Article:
We propose a definition for the spherical cross-correlation that is both expressive and rotation-equivariant. The spherical correlation satisfies a generalized Fourier theorem, which allows us to compute it efficiently using a generalized(non-commutative) Fast Fourier Transform (FFT) algorithm. We demonstrate the computational efficiency, numerical accuracy, and effectiveness of spherical CNNs applied to 3D model recognition and atomization energy regression.
? 关于SO3 作为刚体变换的阐述，参考：半闲居士视觉SLAM十四讲笔记(3)三维空间刚体运动 - par..._CSDN博客 。
? ? 区分出三维图像和平面的细微差别，把球面图像看做是三维流形，把球面展开为离散的三维李群，把SO(3)的关系用CNNs的高层进行表示。
? ? As shown in Figure 1, there is no good way to use translational convolution or cross-correlation1 to analyze spherical signals. The most obvious approach, then, is to change the definition of crosscorrelation by replacing filter translations by rotations. Doing so, we run into a subtle but important difference between the plane and the sphere: whereas the space of moves for the plane (2D translations) is itself isomorphic to the plane, the space of moves? for the sphere (3D rotations) is a different, three-dimensional manifold called SO(3)2. It follows that the result of a spherical correlation (the output feature map) is to be considered a signal on SO(3), not a signal on the sphere, S2. For this reason, we deploy SO(3) group correlation in the higher layers of a spherical CNN (Cohen and Welling, 2016).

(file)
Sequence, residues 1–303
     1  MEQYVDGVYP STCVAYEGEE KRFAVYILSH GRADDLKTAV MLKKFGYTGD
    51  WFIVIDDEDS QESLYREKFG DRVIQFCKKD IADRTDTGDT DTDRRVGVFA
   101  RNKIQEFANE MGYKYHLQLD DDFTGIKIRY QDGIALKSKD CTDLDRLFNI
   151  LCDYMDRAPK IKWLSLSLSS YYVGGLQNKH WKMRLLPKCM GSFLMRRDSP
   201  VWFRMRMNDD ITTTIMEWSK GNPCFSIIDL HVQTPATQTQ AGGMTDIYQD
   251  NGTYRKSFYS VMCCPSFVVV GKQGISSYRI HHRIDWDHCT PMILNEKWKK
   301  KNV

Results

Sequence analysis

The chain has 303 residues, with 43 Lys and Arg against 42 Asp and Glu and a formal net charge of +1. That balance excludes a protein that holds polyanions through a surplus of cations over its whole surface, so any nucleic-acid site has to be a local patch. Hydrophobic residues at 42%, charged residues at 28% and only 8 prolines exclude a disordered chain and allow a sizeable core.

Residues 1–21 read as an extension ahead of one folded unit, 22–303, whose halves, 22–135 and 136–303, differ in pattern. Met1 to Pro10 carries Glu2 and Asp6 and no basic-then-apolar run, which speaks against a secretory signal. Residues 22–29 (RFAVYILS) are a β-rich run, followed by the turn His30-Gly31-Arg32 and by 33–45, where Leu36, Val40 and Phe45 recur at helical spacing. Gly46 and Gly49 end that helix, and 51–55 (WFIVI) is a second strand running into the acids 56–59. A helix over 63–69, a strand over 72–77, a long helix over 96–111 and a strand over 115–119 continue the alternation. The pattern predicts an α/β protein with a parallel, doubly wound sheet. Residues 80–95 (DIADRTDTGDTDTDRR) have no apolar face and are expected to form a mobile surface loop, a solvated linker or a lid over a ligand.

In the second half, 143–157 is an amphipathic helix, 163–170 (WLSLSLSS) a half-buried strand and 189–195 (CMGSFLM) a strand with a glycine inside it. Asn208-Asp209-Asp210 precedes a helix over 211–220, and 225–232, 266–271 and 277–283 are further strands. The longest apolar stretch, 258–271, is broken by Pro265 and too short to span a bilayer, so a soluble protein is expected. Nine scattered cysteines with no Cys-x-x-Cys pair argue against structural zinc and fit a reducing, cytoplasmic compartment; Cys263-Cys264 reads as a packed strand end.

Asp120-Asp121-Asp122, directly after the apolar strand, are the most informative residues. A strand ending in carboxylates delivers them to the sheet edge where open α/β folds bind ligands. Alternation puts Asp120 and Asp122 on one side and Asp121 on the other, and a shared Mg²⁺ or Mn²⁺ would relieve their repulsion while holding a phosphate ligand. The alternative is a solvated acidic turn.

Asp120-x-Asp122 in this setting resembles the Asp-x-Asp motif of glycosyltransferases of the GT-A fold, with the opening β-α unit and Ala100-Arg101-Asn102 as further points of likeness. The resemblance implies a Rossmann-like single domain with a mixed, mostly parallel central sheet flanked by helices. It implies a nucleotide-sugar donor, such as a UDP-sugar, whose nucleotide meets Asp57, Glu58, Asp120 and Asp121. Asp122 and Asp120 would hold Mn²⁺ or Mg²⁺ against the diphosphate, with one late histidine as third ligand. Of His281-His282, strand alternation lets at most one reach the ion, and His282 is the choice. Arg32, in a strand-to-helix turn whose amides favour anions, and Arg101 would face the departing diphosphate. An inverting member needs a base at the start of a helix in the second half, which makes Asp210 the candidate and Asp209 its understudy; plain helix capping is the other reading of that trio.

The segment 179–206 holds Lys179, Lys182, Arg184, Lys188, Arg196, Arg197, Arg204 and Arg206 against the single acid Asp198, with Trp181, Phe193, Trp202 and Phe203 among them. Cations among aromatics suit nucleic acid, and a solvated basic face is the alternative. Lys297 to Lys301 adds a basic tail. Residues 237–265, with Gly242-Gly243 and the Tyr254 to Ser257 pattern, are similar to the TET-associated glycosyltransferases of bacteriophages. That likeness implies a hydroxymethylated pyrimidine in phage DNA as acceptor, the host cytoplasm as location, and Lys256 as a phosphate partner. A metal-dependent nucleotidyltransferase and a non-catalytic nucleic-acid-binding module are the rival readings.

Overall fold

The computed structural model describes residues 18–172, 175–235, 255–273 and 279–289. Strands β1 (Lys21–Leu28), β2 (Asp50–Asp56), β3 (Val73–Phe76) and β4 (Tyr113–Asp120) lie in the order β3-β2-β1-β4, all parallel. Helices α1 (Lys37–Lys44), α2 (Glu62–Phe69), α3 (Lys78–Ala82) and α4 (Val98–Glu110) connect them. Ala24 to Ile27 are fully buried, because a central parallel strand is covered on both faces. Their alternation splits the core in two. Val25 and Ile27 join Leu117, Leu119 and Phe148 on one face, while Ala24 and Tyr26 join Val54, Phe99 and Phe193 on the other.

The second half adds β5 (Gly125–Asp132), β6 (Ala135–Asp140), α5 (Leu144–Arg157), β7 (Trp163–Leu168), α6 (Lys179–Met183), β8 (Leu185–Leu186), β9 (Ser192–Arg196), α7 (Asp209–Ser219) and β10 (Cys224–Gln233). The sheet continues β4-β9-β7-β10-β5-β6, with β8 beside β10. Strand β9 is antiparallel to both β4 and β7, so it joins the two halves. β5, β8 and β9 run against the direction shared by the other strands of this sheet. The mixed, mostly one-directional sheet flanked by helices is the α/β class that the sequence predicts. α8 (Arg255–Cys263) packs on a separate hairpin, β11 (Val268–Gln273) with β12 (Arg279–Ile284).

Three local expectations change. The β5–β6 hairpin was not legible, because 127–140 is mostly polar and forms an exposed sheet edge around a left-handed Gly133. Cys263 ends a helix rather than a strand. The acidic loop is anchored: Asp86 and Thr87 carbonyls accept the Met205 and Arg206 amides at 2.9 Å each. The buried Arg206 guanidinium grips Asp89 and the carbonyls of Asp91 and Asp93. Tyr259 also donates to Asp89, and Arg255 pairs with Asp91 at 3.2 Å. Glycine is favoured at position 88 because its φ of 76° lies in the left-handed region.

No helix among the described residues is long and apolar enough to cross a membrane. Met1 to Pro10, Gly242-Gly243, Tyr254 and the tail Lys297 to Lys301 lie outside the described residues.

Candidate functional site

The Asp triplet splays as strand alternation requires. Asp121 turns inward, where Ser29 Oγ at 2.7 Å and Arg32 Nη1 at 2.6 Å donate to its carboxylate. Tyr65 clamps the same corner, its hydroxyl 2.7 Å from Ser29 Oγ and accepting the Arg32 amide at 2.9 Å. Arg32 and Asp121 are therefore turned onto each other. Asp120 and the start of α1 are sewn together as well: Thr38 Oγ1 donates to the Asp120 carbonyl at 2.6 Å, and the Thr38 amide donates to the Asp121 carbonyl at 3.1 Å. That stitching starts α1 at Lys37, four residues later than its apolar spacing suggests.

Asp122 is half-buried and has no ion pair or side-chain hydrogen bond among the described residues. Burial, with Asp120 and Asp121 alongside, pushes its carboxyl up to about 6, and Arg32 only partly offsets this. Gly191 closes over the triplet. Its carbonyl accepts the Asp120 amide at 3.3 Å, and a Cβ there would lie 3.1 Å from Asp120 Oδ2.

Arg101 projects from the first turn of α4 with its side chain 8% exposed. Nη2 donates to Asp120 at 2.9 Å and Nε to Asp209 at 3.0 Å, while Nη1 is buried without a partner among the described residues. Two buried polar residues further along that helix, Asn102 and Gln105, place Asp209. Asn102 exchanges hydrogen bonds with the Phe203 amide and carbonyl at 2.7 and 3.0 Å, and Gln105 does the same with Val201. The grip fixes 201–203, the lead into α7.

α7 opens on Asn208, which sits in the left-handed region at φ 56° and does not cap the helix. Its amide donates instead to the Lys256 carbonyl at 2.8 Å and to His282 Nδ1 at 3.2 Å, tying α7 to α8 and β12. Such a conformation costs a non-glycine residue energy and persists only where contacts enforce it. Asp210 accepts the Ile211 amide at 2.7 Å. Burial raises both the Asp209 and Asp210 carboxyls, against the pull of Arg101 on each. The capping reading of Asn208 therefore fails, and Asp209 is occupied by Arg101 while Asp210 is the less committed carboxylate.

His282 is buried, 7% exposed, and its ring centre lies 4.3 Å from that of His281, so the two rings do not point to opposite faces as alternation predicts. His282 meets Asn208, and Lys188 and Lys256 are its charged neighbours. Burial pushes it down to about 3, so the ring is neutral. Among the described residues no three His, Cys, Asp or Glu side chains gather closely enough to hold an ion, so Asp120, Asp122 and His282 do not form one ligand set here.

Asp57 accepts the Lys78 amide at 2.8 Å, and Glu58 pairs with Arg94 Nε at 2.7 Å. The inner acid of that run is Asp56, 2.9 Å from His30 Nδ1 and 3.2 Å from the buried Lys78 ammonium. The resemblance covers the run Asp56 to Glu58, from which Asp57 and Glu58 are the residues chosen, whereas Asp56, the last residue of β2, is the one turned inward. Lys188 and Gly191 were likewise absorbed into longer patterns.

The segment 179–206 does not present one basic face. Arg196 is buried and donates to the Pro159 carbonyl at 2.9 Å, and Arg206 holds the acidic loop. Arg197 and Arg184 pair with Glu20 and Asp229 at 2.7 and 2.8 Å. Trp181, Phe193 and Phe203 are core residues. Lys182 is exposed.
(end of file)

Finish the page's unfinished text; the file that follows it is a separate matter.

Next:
? ? The implementation of a spherical CNN (S2-CNN) involves two major challenges. Whereas a square grid of pixels has discrete translation symmetries, no perfectly symmetrical grids for the sphere exist. This means that there is no simple way to define the rotation of a spherical filter by one pixel. Instead, in order to rotate a filter we would need to perform some kind of interpolation. The other challenge is computational efficiency; SO(3) is a three-dimensional manifold, so a naive implementation of SO(3) correlation is O(n6).